Friday, July 4, 2008

Zola’s 21st century green Chicago


Zoka Zola Architects + Urban Designers propose three to eight changes to the current Chicago Zoning Ordinance to make the city more environmentally friendly, energy efficient and affordable.

“It may take you a lifetime to see the plan come to life,” Zola’s friends would tell her when she was just starting on the plan.

Zola, award winning architect and lecturer with an international experience thought about this project when she moved to the United States in 1997.

“Why do this houses need side yards?” wondered Zola.

Puzzled with the question Zola took upon developing the plan of 21 Century Chicago. This project has very little to do with her main specialty as an architect. Still the temptation to see Chicagoans enjoy bright, warm, green houses was stronger than the conventional scope of her specialty.

When in 1904 Daniel Burnham and the Commercial Club of Chicago were planning the city among the issues they intended to solve were the growing population and the improvement of the city’s commercial well being.

After more then a century Chicago is facing different issues: environment preservation, further population growth, energy preservation, lack of architectural creativity in town house design. Most resent is the rise in gas prices which is going to affect our lifestyle.

Zola sees the solutions to modern life challenges through altering city’s planning regulations.

Zola envisions 21 century Chicago as green, bright, energy sufficient and architecturally various city.

Among the suggested changes are:
  • Green houses on top of garages
  • Yards with trees (new houses will have to have trees for the new tenants)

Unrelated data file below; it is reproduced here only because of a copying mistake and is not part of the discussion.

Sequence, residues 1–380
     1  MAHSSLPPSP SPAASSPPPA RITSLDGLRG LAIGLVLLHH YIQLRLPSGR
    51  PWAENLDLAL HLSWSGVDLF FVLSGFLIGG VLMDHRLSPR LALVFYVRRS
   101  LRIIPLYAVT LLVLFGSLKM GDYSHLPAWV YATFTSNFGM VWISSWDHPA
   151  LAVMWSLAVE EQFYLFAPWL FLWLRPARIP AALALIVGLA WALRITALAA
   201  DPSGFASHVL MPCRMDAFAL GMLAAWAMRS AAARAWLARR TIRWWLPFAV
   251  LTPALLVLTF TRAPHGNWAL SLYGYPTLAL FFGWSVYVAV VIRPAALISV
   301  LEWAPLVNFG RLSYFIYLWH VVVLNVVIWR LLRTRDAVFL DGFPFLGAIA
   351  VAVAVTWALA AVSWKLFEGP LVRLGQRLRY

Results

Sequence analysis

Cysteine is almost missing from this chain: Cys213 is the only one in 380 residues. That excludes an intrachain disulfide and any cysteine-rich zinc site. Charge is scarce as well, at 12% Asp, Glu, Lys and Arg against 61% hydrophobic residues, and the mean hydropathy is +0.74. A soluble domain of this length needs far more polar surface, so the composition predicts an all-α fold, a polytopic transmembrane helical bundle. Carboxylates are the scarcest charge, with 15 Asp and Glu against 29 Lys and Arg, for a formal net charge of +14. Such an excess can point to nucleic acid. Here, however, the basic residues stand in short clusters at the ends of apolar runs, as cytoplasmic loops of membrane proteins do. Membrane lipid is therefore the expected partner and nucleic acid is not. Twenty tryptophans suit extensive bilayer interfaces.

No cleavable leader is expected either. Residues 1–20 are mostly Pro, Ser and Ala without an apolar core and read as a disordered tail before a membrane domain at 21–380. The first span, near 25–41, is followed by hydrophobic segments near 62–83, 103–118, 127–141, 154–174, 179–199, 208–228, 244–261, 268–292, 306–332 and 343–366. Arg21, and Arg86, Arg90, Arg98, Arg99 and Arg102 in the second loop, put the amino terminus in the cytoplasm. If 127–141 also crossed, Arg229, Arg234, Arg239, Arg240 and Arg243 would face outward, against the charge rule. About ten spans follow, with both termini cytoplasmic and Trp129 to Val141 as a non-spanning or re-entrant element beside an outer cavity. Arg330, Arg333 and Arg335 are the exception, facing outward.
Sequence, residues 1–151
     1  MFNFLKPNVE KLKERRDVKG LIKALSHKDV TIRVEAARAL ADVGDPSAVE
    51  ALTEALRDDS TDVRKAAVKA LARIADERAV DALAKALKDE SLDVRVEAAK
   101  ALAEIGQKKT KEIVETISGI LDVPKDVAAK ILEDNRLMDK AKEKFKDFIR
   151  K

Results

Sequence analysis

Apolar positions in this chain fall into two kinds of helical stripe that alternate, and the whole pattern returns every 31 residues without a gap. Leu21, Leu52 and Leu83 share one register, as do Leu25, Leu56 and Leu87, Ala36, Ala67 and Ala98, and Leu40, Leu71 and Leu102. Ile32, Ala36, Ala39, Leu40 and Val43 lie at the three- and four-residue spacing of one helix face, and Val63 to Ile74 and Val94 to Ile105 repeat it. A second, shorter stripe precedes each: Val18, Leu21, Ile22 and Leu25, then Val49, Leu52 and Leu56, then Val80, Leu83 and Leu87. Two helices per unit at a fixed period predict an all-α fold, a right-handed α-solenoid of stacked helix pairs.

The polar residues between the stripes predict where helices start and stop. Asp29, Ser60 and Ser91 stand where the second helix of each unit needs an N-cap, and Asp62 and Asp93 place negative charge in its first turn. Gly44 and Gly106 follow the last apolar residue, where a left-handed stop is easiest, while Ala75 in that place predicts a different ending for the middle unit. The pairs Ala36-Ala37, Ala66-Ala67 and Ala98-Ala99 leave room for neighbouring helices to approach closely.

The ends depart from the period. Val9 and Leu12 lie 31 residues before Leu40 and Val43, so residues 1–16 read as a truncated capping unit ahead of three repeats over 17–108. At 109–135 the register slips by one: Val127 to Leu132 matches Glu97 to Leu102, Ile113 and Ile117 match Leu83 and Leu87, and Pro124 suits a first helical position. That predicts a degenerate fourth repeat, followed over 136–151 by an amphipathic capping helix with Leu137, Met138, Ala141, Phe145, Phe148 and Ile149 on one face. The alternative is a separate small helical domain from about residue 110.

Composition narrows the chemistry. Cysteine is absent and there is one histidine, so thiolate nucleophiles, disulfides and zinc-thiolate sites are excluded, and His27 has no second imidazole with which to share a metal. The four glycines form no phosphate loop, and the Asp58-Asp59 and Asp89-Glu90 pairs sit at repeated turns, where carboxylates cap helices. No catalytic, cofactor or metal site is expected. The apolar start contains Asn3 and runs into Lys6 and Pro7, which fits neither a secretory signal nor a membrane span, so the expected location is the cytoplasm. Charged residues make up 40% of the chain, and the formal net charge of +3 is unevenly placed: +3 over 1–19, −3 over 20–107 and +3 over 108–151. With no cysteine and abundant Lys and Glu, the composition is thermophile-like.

• Brighter basements (with a floor no more than 2-6 ft below the ground) with an allowance to be used as separate residences
  • Front yards, on the other hand will be reduced to 10 ft.
  • Side yards will no longer be a must

The range of benefits these changes can bring is wide.

Benefits:

  • Chicagoans will lose less heat
  • The houses will be better lighted with natural light
  • This will lead to energy savings in summer and winter seasons
  • Houses will have better views
  • The city will have twice as many trees which mean fresher air

This plan will provide better fire safety and easier rat control

Ac According to Zola’s plan the units will be more affordable as a result of increase in the allowance of shallower basement units and parking spots per building. The City of Chicago can thus save substantial amounts of money and use if for affordable housing and further improvement of the city.
Edward Kus, former Executive Director of the Mayor’s Zoning Reform Commission sees Zola’s plan environmentally responsible. Despite of that Kus predicts a lot of resistance from both the developers and neighborhoods due to certain habits people are reluctant to give up.

This plan has a lot of benefits, but it is unrealistic,” said Kus.

When Kus was working on the amendments to the 1957 Chicago Zoning Ordinance his team met with neighborhood representatives, architects and developers to find out what the city needs were.

“C Chicagoans want side yards to have relative privacy. People want parking spaces, they do not want to park on the streets,” explained Kus who was the Zoning Administrator of the City of Chicago in 2001.

ZolZola's plan satisfies these needs with the availability of garages. Her plan foresees more flexibility on side yards thus giving the developers and inhabitants a choice between wider houses and side yard availability.

Zola’s studio-house is live example of her project. This self sustainable, ecological and aesthetic building is located on 1737 W. Ohio Street. Known as Pfanner house it represents the philosophy of openness to one another. Zola compares the openness of the space with healthy lungs where the breathing is pleasant and smooth.

Zola’s city plan has been presented to all possible instances from Chicago Mayer Dailey’s office to individual developers.

Thus far two individual clients have expressed interest in developing their project following Zola’s model. This precedent gives Zola a hope that little by little individual interest will grow into a future city zoning vision.

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